|Our Really Big Adventure|
Christmas in La Serena
I cant remember the last time that Christmas day was anything other than a time for family. Long gone are the days of presents eagerly received and any religious connotations the event may have had for me have been drowned in the unstoppable tidal wave of capitalism. Over the years the whole present thing has mutated into awkwardness. Gifts are received with a staged smile more out concern for the feelings of the giver than with enthusiasm for the present. External to the day itself, the season has become a celebration of our wealth which we honour through a massive orgy of consumerism and an endless line up of progressively more inebriated parties culminating in telling the work colleague that you have put up with for the last 12 months that you totally despise him.
This Christmas was going to be different. 12,000 kilometers from home on a beach in Chile, there would be no turkey, no just one pint after work, no last minute panic about forgetting to buy someone a present and, most significantly, no family.
Christmas when you are travelling comes as a bit of a surprise. I suppose we are so used to having Christmas forced down our throats that without the endless reminders it just doesnt seem like Christmas at all. We didnt see decorations going up in October, we didnt hear and get totally sick of tacky jingles and whatever heart-tugging nostalgic crap that has made it to the top of the music industrys shit heap. No doubt Ive missed some masterpiece, such as Britney Spears in some overtly sexual Santa costume pouting her way through Jingle Bells. I guess Ill have that dubious pleasure next year.
Our Christmas started 10 days before the 25th, with Fi telling us that we were going to do Secret Santa. We would each spend $5 on a present for one other person on the truck, chosen by plucking a name out of a hat. Once we knew who we were buying presents for, Barbara and myself left for Buenos Aires, arranging to meet up with the rest of the Hot Rockers in La Serena for Christmas on the beach.
Just because you only have to buy one present doesnt mean its easy. I spent hours painstakingly deliberating what to buy my Secret Santa, finally settling, in true Christmas spirit, on something gaudy and plastic, to be used once and forever retired. The present buying tribulations didnt end there - after all I still had to buy something for Barbara and somehow I had to keep her from finding out what it was as we travelled 2,000 kilometres across the continent.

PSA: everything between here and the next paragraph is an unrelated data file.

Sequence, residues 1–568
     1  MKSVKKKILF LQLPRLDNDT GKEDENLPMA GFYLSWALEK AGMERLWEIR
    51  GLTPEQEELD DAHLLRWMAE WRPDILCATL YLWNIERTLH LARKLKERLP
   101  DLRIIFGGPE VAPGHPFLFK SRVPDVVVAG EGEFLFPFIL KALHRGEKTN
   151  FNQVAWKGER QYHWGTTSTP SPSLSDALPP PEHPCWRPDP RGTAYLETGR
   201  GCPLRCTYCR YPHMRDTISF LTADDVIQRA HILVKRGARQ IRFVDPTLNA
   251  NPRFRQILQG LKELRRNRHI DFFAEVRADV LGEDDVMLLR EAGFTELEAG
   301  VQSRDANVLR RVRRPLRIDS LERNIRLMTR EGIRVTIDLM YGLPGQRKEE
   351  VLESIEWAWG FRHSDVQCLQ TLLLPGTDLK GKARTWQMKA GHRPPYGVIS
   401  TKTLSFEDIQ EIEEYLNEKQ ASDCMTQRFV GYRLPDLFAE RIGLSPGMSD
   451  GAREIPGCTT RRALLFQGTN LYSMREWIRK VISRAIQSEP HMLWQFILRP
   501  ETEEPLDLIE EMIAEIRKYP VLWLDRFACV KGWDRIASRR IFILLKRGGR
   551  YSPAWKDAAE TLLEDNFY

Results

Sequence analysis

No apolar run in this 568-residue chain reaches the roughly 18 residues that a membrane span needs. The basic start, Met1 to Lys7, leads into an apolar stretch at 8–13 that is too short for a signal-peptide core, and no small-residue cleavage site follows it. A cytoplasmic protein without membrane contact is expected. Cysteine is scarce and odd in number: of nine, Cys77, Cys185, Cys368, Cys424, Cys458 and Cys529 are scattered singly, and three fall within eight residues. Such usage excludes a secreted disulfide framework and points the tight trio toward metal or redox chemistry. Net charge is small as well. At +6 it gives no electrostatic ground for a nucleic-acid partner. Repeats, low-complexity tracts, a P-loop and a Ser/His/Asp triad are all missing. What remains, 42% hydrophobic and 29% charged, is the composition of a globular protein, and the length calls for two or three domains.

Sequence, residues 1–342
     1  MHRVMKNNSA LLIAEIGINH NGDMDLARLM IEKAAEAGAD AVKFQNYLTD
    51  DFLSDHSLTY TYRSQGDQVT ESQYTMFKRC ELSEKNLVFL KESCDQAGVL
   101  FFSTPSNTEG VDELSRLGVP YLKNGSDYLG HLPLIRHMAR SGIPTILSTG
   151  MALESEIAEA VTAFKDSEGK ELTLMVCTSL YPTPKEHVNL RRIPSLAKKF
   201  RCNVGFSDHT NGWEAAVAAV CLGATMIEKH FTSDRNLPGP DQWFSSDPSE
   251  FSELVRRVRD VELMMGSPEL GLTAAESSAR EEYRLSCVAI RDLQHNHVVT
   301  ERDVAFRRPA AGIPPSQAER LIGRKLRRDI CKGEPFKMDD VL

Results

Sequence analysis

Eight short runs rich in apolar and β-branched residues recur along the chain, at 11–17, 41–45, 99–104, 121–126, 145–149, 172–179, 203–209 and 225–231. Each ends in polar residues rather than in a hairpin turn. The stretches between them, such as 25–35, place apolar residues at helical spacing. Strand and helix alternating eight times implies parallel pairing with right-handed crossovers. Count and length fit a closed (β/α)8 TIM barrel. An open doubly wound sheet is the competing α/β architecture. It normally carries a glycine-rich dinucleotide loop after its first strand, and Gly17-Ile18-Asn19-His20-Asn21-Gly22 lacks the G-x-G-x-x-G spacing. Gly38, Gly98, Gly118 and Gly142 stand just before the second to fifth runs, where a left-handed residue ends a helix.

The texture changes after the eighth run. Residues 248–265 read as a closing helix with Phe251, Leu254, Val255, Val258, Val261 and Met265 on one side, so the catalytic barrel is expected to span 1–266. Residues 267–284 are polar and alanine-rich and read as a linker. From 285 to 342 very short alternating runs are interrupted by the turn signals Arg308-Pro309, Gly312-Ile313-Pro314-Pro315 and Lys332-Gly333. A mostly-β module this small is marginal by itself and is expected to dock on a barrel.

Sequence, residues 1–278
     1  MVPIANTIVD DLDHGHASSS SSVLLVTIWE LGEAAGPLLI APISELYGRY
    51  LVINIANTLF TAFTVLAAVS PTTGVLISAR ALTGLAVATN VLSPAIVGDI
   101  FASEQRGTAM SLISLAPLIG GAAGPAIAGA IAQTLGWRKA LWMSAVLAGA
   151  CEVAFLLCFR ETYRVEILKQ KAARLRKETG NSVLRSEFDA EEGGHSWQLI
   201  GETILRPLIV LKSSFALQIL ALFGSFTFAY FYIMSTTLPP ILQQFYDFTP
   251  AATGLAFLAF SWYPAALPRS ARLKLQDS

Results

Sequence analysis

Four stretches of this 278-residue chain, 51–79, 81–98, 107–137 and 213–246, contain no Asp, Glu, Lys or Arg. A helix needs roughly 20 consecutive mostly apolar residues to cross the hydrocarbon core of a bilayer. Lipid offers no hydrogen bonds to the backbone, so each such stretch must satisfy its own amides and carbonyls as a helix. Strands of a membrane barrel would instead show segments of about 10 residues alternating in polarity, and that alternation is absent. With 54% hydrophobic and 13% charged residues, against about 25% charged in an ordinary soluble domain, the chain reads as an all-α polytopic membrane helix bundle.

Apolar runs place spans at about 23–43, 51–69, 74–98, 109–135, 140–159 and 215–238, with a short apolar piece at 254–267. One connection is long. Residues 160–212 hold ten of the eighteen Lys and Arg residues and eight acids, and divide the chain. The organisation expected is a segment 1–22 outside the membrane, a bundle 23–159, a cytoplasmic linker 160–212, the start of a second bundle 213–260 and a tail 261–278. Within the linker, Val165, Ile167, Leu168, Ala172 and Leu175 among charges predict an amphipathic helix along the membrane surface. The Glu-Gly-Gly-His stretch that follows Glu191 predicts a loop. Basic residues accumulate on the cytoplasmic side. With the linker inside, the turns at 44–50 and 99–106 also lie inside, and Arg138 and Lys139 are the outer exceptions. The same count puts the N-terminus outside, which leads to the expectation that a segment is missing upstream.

Now Ive never been the best gift purchaser, especially when put under time and monetary constraints, so when I happened upon a CD I knew Barbara would like I jumped at the chance. It was that sort stereotypical tacky female dance artist that Barbara likes to sing along to and then get embarrassed when she realises that someone is listening. I glanced across the store and saw Barbara head bent, browsing records looking for some piece of tat that would do her Secret Santa. Without hesitation I grabbed the CD and ran to the checkout counter. 2 minutes later, present in bag I was feeling smug with my opportunism.
Imagine my horror when, a week later, after 32 hours on buses, I crawled into our tent on the beach to finally wrap her present and found that in my rush I had picked up the wrong CD. And it wasnt just any wrong CD. This was something truly horrendous, something that would have any normal person wishing for East 17s Christmas ballads to be re-released.
Christmas morning certainly didnt feel like Christmas morning. The sunlight filtered through the yellow flysheet of our tent and the air was warm and slightly stuffy with not a hint of tasty treats wafting up from a kitchen. As we dozed fitfully, the usual Hot Rock breakfast call invaded our peace. Despite subtle hints and even blatant suggestions, the breakfast wake up call does not consist of a hot cup of tea and a basin of warm washing water brought to your tent door. Today we were lucky though - the shout was relatively gentle, and the breakfast was suitably festive. However, despite the real bacon and abundant fake champagne there wasnt a Christmas spirit. It was easy to tell where peoples thoughts lay. In spite of the sun, sea and sand they would rather be at home.
Christmas Day was then put on hiatus as some people went bouldering, some body surfing and some set about the all-important job of buying the fish for the days barbeque. By the time everyone gathered at 3pm for Christmas dinner, all brooding over home and family had evaporated and a genuinely festive spirit prevailed. The main challenge we faced was to avoid getting too full too quickly. The scent and sizzle of pork ribs on the barbecue made it difficult to hold back, and only the sight of the shrimp and squid that would follow kept us in check.
Before the seafood, though, came the high point of
everyone's day. Christmas is Christmas, and no matter where you are in
the world, some traditions are sacred. Santa would be visiting Hot Rock
too. Casting his expert eye around the group, expedition leader Dave had
no doubt who would be acting as Father Christmas today - tea lady Wendy
(AKA Badger) was the only choice.
All in all it was Badger dispensing presents, wearing a Santa hat and a dress, that best represented Christmas for me this year - more fun than basket of puppies but somehow not the real thing.